I believe the area he told me about with the beauty salon and cafe were up on what’d actually be the second or third level of the building (depending on how far undeground things went). They were definitely above street level; approaching this building from the street involved going up large stone stairs or ramps. As I recall, it looked like as soon as you went into the parking garage, the first thing was a big ramp up, as there was a basement level below it. I’d also heard that this basement level extended out under the courtyard, but not in the “it’s all hollow under there” sense – more like it had a series of little rabbit warrens under it populated with small chambers that contained chilled water circulation pumps and other frobnications. It was not uncommon for the air conditioning contractors to spend half their time on site just trying to figure out how to get to what they were trying to work on!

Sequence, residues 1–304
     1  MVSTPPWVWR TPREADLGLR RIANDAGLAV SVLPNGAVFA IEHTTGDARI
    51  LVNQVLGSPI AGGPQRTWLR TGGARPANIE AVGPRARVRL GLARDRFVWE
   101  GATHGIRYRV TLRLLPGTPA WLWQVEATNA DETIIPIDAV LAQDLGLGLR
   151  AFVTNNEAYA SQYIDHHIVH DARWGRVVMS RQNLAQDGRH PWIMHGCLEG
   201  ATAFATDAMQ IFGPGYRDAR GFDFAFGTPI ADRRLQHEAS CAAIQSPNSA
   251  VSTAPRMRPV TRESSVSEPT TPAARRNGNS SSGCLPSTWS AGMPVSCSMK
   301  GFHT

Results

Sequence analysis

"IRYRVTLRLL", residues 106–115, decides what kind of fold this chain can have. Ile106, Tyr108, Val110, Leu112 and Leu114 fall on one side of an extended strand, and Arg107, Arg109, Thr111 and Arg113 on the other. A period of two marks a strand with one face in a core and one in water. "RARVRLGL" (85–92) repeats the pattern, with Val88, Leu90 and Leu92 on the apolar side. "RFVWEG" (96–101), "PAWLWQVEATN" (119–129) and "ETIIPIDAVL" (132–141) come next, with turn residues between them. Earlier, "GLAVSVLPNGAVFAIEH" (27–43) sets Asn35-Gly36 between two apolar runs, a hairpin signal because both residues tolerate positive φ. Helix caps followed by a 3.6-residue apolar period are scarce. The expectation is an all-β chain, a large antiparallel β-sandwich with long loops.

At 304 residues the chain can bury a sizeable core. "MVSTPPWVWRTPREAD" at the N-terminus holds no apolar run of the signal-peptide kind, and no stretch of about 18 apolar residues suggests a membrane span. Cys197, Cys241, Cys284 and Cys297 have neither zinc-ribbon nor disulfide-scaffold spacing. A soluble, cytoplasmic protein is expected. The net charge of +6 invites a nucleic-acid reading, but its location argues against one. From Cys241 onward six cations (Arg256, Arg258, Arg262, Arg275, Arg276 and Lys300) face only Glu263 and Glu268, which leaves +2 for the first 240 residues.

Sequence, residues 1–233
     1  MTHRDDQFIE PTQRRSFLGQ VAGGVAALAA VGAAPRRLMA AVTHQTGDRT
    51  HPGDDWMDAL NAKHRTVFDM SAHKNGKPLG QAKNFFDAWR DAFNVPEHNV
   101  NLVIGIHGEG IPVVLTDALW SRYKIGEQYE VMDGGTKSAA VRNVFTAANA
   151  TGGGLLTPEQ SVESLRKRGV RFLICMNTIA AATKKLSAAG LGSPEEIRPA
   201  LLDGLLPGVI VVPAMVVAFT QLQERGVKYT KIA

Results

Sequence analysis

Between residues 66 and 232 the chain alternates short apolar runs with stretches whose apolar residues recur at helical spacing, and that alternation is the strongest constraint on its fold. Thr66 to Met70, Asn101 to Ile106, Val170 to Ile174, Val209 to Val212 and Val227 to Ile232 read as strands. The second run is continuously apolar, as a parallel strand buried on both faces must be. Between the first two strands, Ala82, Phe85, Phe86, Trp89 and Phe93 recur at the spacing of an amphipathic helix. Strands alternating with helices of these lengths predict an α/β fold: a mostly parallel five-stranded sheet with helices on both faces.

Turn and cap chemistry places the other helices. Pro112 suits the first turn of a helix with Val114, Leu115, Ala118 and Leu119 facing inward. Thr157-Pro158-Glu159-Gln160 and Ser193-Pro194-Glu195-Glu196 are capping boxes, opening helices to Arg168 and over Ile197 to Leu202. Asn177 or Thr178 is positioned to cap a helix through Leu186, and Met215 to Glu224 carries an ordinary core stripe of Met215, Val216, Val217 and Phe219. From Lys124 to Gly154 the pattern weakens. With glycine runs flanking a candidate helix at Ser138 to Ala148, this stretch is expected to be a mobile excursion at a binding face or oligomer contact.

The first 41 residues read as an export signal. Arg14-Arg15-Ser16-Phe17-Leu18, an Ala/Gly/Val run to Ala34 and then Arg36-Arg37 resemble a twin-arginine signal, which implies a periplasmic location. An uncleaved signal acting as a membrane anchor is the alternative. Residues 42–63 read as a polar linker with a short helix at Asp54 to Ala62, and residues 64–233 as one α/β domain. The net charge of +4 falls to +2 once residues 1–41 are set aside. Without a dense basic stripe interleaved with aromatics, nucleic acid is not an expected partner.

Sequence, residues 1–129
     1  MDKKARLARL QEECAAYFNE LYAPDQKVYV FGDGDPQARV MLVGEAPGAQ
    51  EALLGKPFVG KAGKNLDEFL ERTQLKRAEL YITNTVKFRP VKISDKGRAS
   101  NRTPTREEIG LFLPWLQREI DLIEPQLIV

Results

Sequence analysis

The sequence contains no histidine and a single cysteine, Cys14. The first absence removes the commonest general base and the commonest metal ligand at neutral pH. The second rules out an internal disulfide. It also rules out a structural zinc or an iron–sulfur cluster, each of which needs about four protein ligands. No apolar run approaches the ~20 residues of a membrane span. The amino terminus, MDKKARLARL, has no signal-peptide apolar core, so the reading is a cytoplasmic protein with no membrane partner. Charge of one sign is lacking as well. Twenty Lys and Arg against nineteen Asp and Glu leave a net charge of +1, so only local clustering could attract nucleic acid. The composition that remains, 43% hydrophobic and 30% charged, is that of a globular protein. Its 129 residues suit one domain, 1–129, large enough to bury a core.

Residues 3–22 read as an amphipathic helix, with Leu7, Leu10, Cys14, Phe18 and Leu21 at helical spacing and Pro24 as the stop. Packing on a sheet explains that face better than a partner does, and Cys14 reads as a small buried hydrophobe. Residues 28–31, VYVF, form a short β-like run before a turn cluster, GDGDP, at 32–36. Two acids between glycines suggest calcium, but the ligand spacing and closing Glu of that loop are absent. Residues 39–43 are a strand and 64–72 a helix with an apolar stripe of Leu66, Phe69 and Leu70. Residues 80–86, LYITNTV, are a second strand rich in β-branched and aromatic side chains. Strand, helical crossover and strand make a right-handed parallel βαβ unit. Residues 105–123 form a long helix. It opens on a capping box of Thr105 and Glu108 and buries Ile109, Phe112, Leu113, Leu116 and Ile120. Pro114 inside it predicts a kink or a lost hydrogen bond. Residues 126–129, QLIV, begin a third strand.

He did often have to go down into that space to turn chillers off. For whatever reason, the HVAC automation was capable of turning circulation pumps and chillers ON as required, but was not capable of turning them off. It’d basically signal a warning on a computer screen that it needed the chiller shut off. The procedure for shutting it down was to physically walk up to the chiller and press a stop button, which would begin its pump down and shutdown cycle, accompanied by gigantic, shuddering, disturbing noises.